So how thin is the veil separating time and eternity? Do those who have left us see us? Could we send them a message? Or is there no interaction between this life and the next? It can get exciting to think about the possibilities. It can also get weird. We don’t pray to them, but some form of communication is likely. Many worship ancestors and pray to them for success, as if they now have special powers. Digging into the world beyond may put us in touch with the underworld. Satan has a toolbox he uses to bring down the living–accusation, intimidation, temptation, and perhaps the most common–deception. He “deceives the whole world” (Revelation 12:9), often through sorcery, the illegitimate use of the non-material world to impact the physical world. Those who naively seek afterlife realities may be dabbling with the devil.

However, the writer of Hebrews spoke about “a great a cloud of witnesses” (Hebrews 12:1). He had just referenced saints who had gone before in the Faith Hall of Fame (ch. 11), so the witnesses are those who have passed on to glory. That includes loved ones who put their trust in Jesus. Can they see us? Witnesses are called to testify, not because they think something but because they have seen something. We know that the dead are not dead. Paul said, “Absent from the body, present with the Lord” (2 Cor. 5:8). So they definitely see Him, and most likely others who are there. Happy reunions are probably occurring.

Do they see those still on earth? We know they are aware of some things. Martyrs before the throne ask the Lord when he is going to avenge their blood (Revelation 6:10), so they knew that it had not yet happened. But wouldn’t their knowledge of happenings on the earth give them grief? Not if eternity gives them a transformed perspective of suffering. I believe, thanks to Randy Alcorn’s excellent book, Heaven, that the veil between earth and heaven is thinner than I once thought. That does not mean contacting the dead (necromancy, which is really talking with demons), but it may mean some form of communication.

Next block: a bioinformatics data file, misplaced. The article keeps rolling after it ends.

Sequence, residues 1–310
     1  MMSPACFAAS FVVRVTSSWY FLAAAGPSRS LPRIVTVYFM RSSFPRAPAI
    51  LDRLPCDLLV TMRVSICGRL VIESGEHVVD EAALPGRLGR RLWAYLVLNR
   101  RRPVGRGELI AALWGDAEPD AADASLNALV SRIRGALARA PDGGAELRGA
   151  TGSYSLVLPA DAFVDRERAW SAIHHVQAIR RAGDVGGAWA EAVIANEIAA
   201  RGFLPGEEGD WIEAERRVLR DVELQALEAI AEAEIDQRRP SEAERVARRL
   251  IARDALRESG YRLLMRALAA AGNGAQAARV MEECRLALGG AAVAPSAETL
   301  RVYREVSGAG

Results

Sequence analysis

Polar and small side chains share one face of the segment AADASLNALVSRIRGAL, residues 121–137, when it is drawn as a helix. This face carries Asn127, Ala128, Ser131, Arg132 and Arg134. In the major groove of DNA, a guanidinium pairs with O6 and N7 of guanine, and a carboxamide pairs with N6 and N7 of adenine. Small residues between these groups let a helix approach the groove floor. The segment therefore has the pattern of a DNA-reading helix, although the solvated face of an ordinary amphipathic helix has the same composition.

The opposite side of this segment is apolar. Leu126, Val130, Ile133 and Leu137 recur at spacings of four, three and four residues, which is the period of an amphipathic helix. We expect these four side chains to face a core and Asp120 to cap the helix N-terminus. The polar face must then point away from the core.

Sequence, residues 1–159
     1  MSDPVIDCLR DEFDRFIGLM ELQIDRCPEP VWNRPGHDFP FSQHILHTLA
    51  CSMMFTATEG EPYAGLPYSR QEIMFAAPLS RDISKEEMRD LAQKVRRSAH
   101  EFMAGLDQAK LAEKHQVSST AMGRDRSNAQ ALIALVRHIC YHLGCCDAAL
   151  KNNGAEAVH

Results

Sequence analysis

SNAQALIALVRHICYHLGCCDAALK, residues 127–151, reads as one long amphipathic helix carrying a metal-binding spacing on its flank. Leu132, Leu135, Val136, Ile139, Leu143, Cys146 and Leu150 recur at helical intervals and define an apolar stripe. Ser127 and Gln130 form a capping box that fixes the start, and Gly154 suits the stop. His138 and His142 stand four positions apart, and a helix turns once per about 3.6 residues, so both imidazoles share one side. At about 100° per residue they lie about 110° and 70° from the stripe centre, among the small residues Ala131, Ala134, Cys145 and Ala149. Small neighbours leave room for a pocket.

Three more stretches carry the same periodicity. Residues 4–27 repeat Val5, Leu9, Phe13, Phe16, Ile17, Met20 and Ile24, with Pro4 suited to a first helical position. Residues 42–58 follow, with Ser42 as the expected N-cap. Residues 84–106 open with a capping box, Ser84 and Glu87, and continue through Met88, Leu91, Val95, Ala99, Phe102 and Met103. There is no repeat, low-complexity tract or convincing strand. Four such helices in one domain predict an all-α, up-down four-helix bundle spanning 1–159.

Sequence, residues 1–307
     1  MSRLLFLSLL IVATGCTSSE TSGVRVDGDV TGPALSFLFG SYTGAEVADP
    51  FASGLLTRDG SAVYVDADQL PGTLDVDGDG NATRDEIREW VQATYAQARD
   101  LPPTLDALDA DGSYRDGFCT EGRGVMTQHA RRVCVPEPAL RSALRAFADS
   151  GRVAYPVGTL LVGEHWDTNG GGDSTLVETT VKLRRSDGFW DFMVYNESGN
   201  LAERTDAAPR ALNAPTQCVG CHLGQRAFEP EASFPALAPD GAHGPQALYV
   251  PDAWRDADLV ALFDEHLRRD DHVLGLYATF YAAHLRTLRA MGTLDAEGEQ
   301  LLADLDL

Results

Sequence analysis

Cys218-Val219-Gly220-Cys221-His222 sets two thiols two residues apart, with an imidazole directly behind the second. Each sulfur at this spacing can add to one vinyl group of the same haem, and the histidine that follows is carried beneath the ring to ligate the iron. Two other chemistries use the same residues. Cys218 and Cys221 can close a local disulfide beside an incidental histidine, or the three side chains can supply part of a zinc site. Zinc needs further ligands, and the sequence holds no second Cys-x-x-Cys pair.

We had a series at our house church on “Heaven, the Happiest Place on Earth.”  Audrey, one of our members, sent me this story hoping it would give those who have lost loved ones some peace. “My Sister, Tsungie, passed away in December 2001 at the age of 13 after suffering a brain hemorrhage. Although we knew she might die at a young age due to her Sickle Cell Anemia, we were devastated. We had prayed that she would live a long and happy life. My parents spent years going from one doctor to another to ensure the best and most affordable medical treatment.

After her death, my mother would often cry alone. Like us all, she missed her deeply. One day  my mother was crying inconsolably and asking herself why such a tragedy had happened. That night my sister appeared to her in a dream and asked her, “Mom, why are you crying? I am happy where I am.” She showed her the white robe she was wearing, surrounded by others wearing the same. Tsungie looked happy, and so did everyone. Since that dream my mother has accepted her death and has had some closure.” How kind of a loving Father to bring about communication to console a grieving mother. He is truly “the God of all comfort.”`

This entry was posted in Heaven.

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